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Volume 20 , Issue 2
March/April 2007

Pages 115122

Oral Bisphosphonate Therapy and Osteonecrosis of the Jaw: What to Tell the Concerned Patient

Sreenivas Koka, DDS, MS, PhD / Bart L. Clarke, MD / Shreyasee Amin, MDCM, MPH / Morie Gertz, MD / Salvatore L. Ruggiero, DMD, MD

PMID: 17455429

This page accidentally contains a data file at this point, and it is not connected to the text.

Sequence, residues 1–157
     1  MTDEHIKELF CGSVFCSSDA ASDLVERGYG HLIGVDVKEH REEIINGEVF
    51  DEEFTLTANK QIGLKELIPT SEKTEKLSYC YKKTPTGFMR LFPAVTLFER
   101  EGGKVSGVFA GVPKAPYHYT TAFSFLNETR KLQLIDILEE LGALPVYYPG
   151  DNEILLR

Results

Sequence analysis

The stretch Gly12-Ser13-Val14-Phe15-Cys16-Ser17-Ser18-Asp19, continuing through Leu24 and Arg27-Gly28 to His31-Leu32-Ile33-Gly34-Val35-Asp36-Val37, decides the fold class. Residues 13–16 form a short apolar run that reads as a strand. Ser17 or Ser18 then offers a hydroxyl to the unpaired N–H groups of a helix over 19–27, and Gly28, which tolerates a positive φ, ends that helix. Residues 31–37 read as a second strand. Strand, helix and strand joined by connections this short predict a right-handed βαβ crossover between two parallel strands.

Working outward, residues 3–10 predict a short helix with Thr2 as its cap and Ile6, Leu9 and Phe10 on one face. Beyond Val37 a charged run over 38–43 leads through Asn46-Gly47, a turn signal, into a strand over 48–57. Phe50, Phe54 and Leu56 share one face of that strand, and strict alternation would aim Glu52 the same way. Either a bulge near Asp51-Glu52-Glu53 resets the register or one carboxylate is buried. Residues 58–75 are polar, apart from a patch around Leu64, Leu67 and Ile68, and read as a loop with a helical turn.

Bisphosphonate-associated osteonecrosis of the jaw (BONJ) is encountered predominantly in cancer populations being treated with high-dose intravenous bisphosphonates for skeletal complications such as bone metastases and secondary fracture risk. A minority of BONJ lesions have been observed in patients receiving oral bisphosphonates for management of osteoporosis or osteopenia. In this paper, the current knowledge pertaining to the incidence, definition, and signs and symptoms of BONJ is presented, followed by a discussion of the incidence and consequences of osteoporotic skeletal fracture and the use of oral bisphosphonates to mitigate fracture. The risk of BONJ appears to be very small in patients taking oral bisphosphonates. In addition, the consequences of osteoporotic fracture likely have significantly greater mortality and morbidity than BONJ. Within this context, management concepts and guidelines are presented to help the dental clinician allay concerns about BONJ expressed by patients receiving oral bisphosphonate therapy. Int J Prosthodont 2007;20:115122.

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